Skip To Content
BuzzFeed News Home Reporting To You

Utilizamos cookies, próprios e de terceiros, que o reconhecem e identificam como um usuário único, para garantir a melhor experiência de navegação, personalizar conteúdo e anúncios, e melhorar o desempenho do nosso site e serviços. Esses Cookies nos permitem coletar alguns dados pessoais sobre você, como sua ID exclusiva atribuída ao seu dispositivo, endereço de IP, tipo de dispositivo e navegador, conteúdos visualizados ou outras ações realizadas usando nossos serviços, país e idioma selecionados, entre outros. Para saber mais sobre nossa política de cookies, acesse link.

Caso não concorde com o uso cookies dessa forma, você deverá ajustar as configurações de seu navegador ou deixar de acessar o nosso site e serviços. Ao continuar com a navegação em nosso site, você aceita o uso de cookies.

Baltimore Police Commissioner Seeks Federal Help To Fight Crime Wave

Police Commissioner Anthony Batts is asking for more federal resources to combat a sudden spike in crime in the streets of Baltimore.

Posted on June 3, 2015, at 7:23 p.m. ET

Patrick Semansky / AP

Baltimore Police Department Commissioner Anthony Batts.

A rise in violent crime on the streets of Baltimore has pushed Police Commissioner Anthony Batts to ask for more federal resources to fight the sudden crime spike.

In a press conference Wednesday, flanked by representatives of multiple state and federal agencies, Batts said he is asking for federal prosecutors and agents to help, calling the renewed effort an "all hands on deck."

Batts' comments follow unrest in the city of Baltimore after the April 19 death of Freddie Gray, and the indictment of six Baltimore police officers involved. Since then, local prosecutors and Batts have come under fire by the police officers' labor union, and theres been suspicion the rise in crime may be linked to a work "slowdown" organized by police officers.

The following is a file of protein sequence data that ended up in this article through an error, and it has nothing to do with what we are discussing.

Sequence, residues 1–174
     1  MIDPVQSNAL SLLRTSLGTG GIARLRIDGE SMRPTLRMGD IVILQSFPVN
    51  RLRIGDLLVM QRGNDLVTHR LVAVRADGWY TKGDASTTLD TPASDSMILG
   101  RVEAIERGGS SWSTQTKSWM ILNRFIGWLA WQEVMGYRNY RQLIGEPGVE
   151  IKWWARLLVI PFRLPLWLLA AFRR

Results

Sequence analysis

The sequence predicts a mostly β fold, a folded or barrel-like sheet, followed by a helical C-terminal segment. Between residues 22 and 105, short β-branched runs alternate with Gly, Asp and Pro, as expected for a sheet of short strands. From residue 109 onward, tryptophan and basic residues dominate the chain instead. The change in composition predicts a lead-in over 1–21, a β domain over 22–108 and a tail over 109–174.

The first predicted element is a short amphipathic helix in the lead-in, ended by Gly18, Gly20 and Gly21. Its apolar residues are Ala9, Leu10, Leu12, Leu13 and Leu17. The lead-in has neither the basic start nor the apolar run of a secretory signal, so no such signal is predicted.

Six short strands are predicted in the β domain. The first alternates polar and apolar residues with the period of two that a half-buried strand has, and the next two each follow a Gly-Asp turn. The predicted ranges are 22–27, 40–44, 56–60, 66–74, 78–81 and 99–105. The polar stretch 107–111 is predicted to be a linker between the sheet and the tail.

After the riots, the city's murder rate has increased steadily and arrests have plummeted.

"We understand fully the concern over the recent violence," Batts said. "Nothing is more important than the sanctity of human life within this city."

#PCBatts announces our collaborative response to crime in Baltimore w/ our Law Enforcement partners.

According to a database of homicides maintained by the Baltimore Sun, there have been 122 homicides so far this year. More than one-third of those killings, 46 of them, occurred in the last 30 days.

Yet according to city data, Baltimore officers made just 1,452 arrests in the three weeks after Freddie Gray's death. In previous years, the data shows, officers had made more than 2,000 during the same time period.

Batts highlighted two recent homicide arrests made by detectives in the last week, and stressed investigators had "strong leads in a number of cases."

He also suggested some of the violence may be linked to 27 pharmacies that were looted during the riots.

"Criminals are selling those stolen drugs," Batts said. "There are turf wars that are leading to violence and shootings in our city."

Batts said he would also ask the U.S. Attorney's Office to seek felony charges in more cases.

"We remain focused on the crime fight," he said. "We will return the city back to its normalcy."

President Ryan speaks to media regarding FOP #3 After Action Review being conducting

Tensions between Batts and his rank-and-file, however, continued to appear stressed.

Missing from the uniformed personnel that attended the press conference with the police commissioner were representatives from the officers' Fraternal Order of Police, where hundreds of its members supported a possible vote of "no confidence" against Batts.

Hours before Batts press conference, the president of the union, Lt. Gene Ryan,held his own press conference and asked for internal communications in the department during days of riot in the city to see how leaders handled the unrest.

Ryan said about 130 officers were injured in the riots.

A BuzzFeed News investigation, in partnership with the International Consortium of Investigative Journalists, based on thousands of documents the government didn't want you to see.